Joining hands to fight malaria

An organised campaign to control malaria, launched with community participation in the coastal belts of Pozhiyoor and Poovar in Kulathoor grama panchayat, has proved to be successful in checking the spread of the disease.

Although the vector control and disease management strategies implemented through the programme, `Bye Bye Malaria,' are just temporary measures, the success of the venture was the level of community participation and networking it could generate, district health administration officials point out.

The fortnight-long programme for mosquito control activities and fever management was launched on June 13 after two children, aged 8 years and 12 years, at Paruthiyoor, near Pozhiyoor, tested positive for the lethal form of malaria, caused by the organism Plasmodium Falciparum.

After it was confirmed that both were indigenous cases of malaria, Health officials swung into action. Along with control activities, it was decided to intensify information and education campaigns in the community with the help of the vast networks of Kudumbasree and anganwadi workers.

Health officials conducted a door-to-door visit in all the coastal wards in Kulathoor grama panchayat, including Paruthiyoor, Vellimon, South Kollangode and Poypallivilakam. Officials visited 4,497 houses in these areas and a total of 471 cases of fever were detected. Blood samples were collected from all fever patients and sent for malaria testing.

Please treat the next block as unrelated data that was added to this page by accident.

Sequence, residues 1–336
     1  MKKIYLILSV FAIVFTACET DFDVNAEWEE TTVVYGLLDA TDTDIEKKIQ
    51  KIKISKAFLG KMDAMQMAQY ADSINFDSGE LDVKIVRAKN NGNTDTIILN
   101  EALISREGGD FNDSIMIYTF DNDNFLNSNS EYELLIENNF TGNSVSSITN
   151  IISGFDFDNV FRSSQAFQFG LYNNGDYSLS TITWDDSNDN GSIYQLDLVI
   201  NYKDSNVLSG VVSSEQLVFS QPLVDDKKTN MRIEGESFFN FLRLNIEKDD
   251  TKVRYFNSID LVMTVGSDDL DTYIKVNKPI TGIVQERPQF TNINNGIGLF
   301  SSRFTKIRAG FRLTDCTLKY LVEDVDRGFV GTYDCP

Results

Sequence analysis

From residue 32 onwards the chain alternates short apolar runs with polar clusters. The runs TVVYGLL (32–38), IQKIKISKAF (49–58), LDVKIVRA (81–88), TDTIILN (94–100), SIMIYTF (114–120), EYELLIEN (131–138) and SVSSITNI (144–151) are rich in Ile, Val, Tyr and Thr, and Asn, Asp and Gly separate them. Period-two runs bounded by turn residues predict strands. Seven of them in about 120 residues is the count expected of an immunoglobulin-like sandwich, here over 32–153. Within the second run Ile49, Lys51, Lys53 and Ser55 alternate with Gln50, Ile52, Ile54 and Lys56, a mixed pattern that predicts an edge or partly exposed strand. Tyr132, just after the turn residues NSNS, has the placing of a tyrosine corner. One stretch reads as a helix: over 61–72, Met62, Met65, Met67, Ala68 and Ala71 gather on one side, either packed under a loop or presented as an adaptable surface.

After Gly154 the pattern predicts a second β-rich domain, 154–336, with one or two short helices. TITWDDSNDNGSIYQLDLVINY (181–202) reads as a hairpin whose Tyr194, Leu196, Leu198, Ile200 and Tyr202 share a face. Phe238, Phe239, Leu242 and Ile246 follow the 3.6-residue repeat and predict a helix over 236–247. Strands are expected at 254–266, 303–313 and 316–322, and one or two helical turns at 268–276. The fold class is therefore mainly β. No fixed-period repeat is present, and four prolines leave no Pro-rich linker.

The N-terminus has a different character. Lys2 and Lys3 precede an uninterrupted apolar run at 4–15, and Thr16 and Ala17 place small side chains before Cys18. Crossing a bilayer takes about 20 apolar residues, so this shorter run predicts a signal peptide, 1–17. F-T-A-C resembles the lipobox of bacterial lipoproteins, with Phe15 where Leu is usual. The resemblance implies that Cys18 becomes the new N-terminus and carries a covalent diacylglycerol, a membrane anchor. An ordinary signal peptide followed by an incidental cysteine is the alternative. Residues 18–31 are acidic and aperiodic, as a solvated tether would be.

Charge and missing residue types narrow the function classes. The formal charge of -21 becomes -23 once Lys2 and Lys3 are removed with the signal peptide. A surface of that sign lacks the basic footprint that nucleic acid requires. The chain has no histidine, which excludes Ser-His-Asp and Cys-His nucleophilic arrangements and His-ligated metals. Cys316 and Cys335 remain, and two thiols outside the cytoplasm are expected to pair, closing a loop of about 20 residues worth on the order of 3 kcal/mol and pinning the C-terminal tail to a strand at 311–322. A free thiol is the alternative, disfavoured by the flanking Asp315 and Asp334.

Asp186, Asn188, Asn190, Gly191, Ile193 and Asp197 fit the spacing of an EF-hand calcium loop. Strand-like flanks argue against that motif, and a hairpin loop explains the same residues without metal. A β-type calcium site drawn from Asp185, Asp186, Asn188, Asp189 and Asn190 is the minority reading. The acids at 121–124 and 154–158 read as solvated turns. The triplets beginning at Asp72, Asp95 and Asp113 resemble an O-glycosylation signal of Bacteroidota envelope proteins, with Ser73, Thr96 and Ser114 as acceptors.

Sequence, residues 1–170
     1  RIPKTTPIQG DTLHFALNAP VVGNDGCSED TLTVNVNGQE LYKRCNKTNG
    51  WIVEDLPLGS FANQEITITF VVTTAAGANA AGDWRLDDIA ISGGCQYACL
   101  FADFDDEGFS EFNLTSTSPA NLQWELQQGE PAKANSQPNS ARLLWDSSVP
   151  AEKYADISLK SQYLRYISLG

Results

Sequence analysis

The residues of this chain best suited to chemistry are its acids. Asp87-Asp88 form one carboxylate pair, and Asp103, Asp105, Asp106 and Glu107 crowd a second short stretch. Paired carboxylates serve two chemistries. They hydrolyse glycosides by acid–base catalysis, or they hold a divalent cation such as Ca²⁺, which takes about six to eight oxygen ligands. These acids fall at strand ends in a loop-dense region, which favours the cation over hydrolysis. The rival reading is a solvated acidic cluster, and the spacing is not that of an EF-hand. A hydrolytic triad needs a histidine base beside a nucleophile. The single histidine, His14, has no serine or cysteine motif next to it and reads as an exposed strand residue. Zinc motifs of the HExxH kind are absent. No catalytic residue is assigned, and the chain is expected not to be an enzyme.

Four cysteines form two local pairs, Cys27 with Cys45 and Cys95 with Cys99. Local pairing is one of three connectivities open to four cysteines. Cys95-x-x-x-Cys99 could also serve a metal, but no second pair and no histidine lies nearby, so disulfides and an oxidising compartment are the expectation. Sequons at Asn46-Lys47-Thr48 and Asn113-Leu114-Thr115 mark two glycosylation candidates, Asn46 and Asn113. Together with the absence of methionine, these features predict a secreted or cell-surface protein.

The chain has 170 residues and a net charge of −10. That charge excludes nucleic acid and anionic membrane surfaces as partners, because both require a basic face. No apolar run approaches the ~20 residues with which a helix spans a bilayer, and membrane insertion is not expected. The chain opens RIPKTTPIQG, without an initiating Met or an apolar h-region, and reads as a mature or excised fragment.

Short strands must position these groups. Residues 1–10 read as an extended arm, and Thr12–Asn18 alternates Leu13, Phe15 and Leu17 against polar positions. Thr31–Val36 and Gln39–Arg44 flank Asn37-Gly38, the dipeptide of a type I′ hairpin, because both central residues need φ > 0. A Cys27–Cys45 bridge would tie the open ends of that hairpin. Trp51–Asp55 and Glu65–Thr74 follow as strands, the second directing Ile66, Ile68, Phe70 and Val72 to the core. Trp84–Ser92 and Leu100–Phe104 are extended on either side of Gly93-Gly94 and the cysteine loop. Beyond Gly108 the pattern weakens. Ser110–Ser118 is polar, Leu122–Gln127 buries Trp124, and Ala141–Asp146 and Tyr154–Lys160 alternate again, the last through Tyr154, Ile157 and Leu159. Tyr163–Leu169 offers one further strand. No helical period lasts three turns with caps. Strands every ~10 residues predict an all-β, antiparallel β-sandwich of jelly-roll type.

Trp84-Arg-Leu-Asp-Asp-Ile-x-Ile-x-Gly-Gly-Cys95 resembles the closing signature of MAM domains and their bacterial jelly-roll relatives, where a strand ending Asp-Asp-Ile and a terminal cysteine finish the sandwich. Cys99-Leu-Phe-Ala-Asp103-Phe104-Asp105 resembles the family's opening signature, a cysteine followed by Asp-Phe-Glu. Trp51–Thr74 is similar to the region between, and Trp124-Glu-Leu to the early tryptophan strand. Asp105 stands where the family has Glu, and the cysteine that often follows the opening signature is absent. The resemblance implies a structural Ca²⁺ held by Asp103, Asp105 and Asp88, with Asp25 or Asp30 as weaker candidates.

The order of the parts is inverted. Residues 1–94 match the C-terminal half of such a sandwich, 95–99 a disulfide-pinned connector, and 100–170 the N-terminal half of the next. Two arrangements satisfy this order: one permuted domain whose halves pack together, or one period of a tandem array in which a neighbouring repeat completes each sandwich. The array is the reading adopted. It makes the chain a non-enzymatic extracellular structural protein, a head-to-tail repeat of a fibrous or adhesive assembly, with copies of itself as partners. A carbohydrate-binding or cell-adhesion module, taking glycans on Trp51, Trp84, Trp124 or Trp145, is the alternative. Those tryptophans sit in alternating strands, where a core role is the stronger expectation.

However, as a precaution, health officials started treatment with chloroquin tablets. Health workers who surveyed the premises in all residential areas also found several vector breeding sources and destroyed these. The residents were educated on the importance of source reduction for checking mosquito population.

Indoor residual spraying was launched intensively in these areas and insecticides were sprayed in all stagnant water bodies. About 24 rounds of fogging were conducted in these areas. In water bodies like wells and tanks, where pesticides could not sprayed, guppy fishes were deposited. Garbage disposal was done systematically and bleaching powder was strewn in places used as garbage dumps.

Source traced

Health officials also traced the source of the sudden appearance of malaria to an outbreak at Eraviputhanthurai, on the Tamil Nadu border, five km away from Pozhiyoor.

The urgency with which the community had responded to the situation on hand had actually help contain the spread of malaria as no more fresh cases were reported from the area in the last one month.

However, G. Sunilkumar, medical officer at the Poovar community health centre, who led the campaign says that long-term and permanent measures are required in the region for disease surveillance and for improving the living conditions of the coastal folk.

C. Maya

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